Radiant Green Glowing Radioactive Uranium Glass

Radiant Green Glowing Radioactive Uranium Mosque
Radiant Green Glowing Radioactive Uranium Mosque -- LARRY NUTT / FLICKR

If you grew up in the '80s or '90s, you probably remember the glow-in-the-dark stars we glued to our ceilings as kids. It has been a pleasure for all of us to look at the glowing green galaxy, which consists of turning our bedroom lights on for a few minutes and then turning them off. Of course, we are talking about those who have experienced it.

Many people are curious about fluorescent decorative objects. Our author's interest in these types of objects has always continued. He has transferred his passion to collecting only antique, radioactive, glow-in-the-dark glassware.

This "uranium glass" originated in Germany in the 1830s and 1840s, says Anne Madarasz, chief historian of the Heinz History Center in Pittsburgh, Pennsylvania, and curator of a long-running exhibition on glass. Glass was seen as an accessory back then. To make tableware attractive to consumers, companies were constantly on the hunt for the next interesting coloring agent.

What is UV Light?

Ultraviolet (UV) is a form of electromagnetic radiation with a wavelength between 10 nm (with a frequency of around 30 PHz) to 400 nm (750 THz), shorter than visible light but longer than X-rays.

UV radiation is found in sunlight and accounts for about 10% of the total electromagnetic radiation output from the Sun. It is also produced by electric arcs and special lights such as mercury vapor lamps, tanning lamps and black lights.

Although long wavelength ultraviolet is not considered an ionizing radiation as its photons do not have the energy to ionize atoms, it can cause chemical reactions. It can cause many substances to glow or fluoresce. Consequently, the chemical and biological effects of UV are greater than simple heating effects, and many practical applications of UV radiation are due to its interactions with organic molecules.

Short-wave ultraviolet light damages DNA and sterilizes the surfaces it comes in contact with. For humans, sunburn and sunburn are known effects of skin exposure to UV light, along with an increased risk of skin cancer. The amount of UV light produced by the sun means that Earth would not be able to sustain life on dry land if most of this light was not filtered out by the atmosphere. The more energetic, shorter wavelength “extreme” UV below 121 nm ionizes the air so strongly that it is absorbed before it reaches the ground.[3] However, ultraviolet light (especially UVB) is responsible for vitamin D formation in most land vertebrates, including humans. The UV spectrum therefore has both beneficial and harmful effects on life. (Ref: Wikipedia)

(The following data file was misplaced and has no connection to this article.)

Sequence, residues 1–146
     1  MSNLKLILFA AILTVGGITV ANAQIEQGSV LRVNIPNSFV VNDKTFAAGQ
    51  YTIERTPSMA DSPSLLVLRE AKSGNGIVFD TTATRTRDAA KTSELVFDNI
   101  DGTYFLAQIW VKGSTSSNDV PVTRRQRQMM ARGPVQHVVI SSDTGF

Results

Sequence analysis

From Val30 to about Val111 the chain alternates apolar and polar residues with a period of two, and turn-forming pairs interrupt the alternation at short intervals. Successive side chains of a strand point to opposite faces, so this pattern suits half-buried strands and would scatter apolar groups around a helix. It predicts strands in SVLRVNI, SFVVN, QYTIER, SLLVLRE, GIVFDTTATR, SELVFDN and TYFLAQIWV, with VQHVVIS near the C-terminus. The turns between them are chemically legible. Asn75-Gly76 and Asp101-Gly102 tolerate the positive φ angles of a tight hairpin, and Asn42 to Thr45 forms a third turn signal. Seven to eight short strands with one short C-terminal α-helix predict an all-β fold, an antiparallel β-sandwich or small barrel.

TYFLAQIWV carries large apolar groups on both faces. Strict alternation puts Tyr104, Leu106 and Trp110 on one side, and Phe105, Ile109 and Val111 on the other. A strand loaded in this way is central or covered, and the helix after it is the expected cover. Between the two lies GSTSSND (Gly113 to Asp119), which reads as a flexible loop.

If we go back to our article;

Not to mention uranium oxide, an electrically insoluble and thermally stable source of uranium. As an additive in the glassmaking process, this substance imparts a transparent yellow or yellowish-green hue to the final product. Sometimes, this uranium glass can even appear opaque and colorless.

While this greenish-yellow colorway was popular, it had the undesirable and intriguing side-effect of glowing bright fluorescent green under ultraviolet (UV) light.

Ultraviolet light is a type of electromagnetic radiation with shorter wavelengths than visible light. This is why you should wear sunscreen on a hot summer day to avoid sunburn.

Ultraviolet light is also the only foolproof method for identifying true radioactive uranium glass.

A black light causes uranium glass to glow a rich green color, according to the Oak Ridge Associated Universities (ORAU) Museum of Radiation and Radioactivity. (A small handheld UV flashlight like this might do the trick).

To be clear, it's not the radioactivity of the uranium oxide that causes the glass to glow. Rather, it's the chemistry of uranium that gives the eerie slime-colored incandescence.

"Uranium fluoresces under UV light because the UV induces electrons to raise them to a higher energy level, which then releases photons as the electrons return to the lower energy level," says Naomi Marks, a research scientist at Lawrence Livermore National Laboratory in California.

Source: PopularMechanics

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